TP: You're both obviously British. Why Italian style?
MB: Italian style isn’t as stiff and rigid as traditional British tailoring. Today, many brands are slowly moving away from that heavy canvassing, heavy shoulders and aggressive look. The Italian style is a bit softer, more unstructured and better for the climate. It's more difficult for a suit to look good when it's light, because you don't have the structure to hold it in place, but this is what we do and what makes us unique.
TP: Are you both tailors?
JS: We measure and fit. We've been trained, but no, we don't make suits.
TP: Why is sustainability so important to you?
MB: It's like a simple quote I saw the other day: Sustainability is treating the earth like we intend to stay here. For me it's about doing it the right way, treating people the right way, paying people the right way and trying to be as environmentally friendly as possible. This is just as important, if not more important, than how the garment looks. If it looks great, but it causes loads of destruction along the way, then it defeats the whole purpose of it. So, for us, even as a small company, we felt we could do it better. Sustainability shouldn't be a separate topic— that is how things should be made anyway.
TP: What about the giving back program. What do you do?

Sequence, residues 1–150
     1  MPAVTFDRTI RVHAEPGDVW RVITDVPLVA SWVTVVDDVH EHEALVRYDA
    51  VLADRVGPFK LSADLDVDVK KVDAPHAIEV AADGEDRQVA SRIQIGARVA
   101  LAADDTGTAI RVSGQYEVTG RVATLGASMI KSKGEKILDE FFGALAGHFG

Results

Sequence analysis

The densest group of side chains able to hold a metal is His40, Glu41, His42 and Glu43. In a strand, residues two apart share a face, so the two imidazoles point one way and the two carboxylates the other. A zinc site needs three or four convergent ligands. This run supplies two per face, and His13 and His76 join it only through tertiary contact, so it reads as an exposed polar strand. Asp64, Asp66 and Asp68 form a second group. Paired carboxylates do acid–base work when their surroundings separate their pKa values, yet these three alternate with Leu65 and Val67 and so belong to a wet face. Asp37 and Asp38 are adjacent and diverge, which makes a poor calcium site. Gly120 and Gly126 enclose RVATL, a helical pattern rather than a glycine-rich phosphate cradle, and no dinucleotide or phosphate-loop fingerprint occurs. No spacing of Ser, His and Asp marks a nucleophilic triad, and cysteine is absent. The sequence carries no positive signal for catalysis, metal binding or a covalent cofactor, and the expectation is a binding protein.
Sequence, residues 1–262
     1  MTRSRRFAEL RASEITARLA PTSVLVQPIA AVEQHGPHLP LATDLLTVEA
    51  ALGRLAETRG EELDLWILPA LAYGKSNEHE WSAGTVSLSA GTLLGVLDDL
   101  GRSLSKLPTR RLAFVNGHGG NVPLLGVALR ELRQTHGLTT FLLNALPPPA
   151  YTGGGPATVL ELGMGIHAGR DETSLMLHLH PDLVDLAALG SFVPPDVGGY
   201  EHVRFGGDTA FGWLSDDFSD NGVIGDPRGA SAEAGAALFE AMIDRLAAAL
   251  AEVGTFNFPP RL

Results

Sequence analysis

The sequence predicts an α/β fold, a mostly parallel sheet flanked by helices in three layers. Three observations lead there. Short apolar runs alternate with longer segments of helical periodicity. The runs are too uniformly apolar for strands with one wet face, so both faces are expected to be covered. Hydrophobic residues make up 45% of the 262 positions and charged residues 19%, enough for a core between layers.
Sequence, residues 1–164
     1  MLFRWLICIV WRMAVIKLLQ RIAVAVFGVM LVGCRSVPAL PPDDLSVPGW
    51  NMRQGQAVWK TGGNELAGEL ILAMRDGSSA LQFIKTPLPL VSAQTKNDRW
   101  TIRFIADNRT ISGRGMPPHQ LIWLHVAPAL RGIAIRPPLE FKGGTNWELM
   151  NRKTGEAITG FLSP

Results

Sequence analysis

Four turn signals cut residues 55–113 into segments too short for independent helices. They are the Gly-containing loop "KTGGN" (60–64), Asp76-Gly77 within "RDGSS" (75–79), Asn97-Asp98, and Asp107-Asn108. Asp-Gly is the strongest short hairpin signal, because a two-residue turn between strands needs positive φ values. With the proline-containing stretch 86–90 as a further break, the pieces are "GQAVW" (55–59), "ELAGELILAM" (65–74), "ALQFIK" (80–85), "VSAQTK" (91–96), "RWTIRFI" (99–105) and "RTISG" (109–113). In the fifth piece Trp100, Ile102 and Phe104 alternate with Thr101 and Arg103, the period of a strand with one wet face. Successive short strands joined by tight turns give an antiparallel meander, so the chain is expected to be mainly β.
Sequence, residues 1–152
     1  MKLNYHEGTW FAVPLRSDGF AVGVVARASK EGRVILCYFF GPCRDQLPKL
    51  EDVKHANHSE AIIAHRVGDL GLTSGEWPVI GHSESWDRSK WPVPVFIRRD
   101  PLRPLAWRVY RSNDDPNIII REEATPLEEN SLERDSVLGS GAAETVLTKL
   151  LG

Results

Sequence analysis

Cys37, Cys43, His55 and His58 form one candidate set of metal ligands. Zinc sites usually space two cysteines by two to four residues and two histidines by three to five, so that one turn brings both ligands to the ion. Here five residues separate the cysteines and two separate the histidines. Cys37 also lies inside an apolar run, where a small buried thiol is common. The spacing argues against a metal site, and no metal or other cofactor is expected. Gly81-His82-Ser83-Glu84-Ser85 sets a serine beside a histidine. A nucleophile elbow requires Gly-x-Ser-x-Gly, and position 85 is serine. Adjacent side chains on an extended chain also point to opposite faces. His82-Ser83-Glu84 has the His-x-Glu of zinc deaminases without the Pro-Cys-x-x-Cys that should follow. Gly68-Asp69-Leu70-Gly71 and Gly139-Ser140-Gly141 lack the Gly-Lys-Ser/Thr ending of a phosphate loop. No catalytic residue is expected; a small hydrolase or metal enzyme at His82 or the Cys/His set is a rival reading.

MB: We agreed between ourselves that we would donate 2%. We decided to focus on water because so much water is used in the process of making garments and it’s the biggest area that we can impact. We look at how many people are without water around the world which is in the range of 600 million people. It takes approximately three years of water to make one t-shirt, which people buy and throw away.
TP: Do you wear suits every day?
JS: It depends who I'm seeing. If it's a banker or lawyer, I know they’ll be wearing a suit, so I'll put on a suit. But if I'm sitting with an architect, I'll dress a bit more casual— but we do wear tailored clothing every day. When we first started working out of my kitchen, we were wearing suits some days and shorts on others, and then we decided that even in the kitchen, we must wear suits to work.
TP: Why is suiting important to you?
MB: It changes the way people see you, and the way you show up to work; the version of yourself that you present. I got my first suit when I was 18 years old for only 200 pounds, but it was like my body armor. Any time I wore that suit I had an amazing day at work, if we went out for drinks, I had a great night. I wouldn't wear it style-wise today, but I still have it and love it because it gave me confidence. When a client puts on one of our suits, and it fits well and he feels how light it is, you can see how it changes his confidence. That's why it's important.
JS: Having a long back and long arms, I’ve always struggled to get a good fit— throughout the day I always needed to tuck in my shirt. Having suits made for you and not having to worry about details like that, knowing that you look good, changes everything about the way you go about your day.